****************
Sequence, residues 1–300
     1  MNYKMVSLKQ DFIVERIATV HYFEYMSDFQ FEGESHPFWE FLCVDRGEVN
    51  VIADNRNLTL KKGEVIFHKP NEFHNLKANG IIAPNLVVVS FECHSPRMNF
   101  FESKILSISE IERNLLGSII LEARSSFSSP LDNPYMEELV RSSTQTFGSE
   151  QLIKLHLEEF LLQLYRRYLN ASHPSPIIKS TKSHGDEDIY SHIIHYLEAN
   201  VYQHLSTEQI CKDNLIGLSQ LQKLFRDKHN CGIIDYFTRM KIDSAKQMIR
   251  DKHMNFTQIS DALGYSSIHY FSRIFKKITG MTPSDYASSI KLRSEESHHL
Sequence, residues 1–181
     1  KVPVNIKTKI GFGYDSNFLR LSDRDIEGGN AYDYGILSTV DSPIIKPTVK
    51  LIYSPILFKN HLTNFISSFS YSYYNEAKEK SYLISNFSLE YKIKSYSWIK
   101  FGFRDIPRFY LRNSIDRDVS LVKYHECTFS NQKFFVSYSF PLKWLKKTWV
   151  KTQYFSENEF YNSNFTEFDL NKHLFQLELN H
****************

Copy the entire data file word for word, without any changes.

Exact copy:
Sequence, residues 1–300
     1  MNYKMVSLKQ DFIVERIATV HYFEYMSDFQ FEGESHPFWE FLCVDRGEVN
    51  VIADNRNLTL KKGEVIFHKP NEFHNLKANG IIAPNLVVVS FECHSPRMNF
   101  FESKILSISE IERNLLGSII LEARSSFSSP LDNPYMEELV RSSTQTFGSE
   151  QLIKLHLEEF LLQLYRRYLN ASHPSPIIKS TKSHGDEDIY SHIIHYLEAN
   201  VYQHLSTEQI CKDNLIGLSQ LQKLFRDKHN CGIIDYFTRM KIDSAKQMIR
   251  DKHMNFTQIS DALGYSSIHY FSRIFKKITG MTPSDYASSI KLRSEESHHL
Sequence, residues 1–181
     1  KVPVNIKTKI GFGYDSNFLR LSDRDIEGGN AYDYGILSTV DSPIIKPTVK
    51  LIYSPILFKN HLTNFISSFS YSYYNEAKEK SYLISNFSLE YKIKSYSWIK
   101  FGFRDIPRFY LRNSIDRDVS LVKYHECTFS NQKFFVSYSF PLKWLKKTWV
   151  KTQYFSENEF YNSNFTEFDL NKHLFQLELN H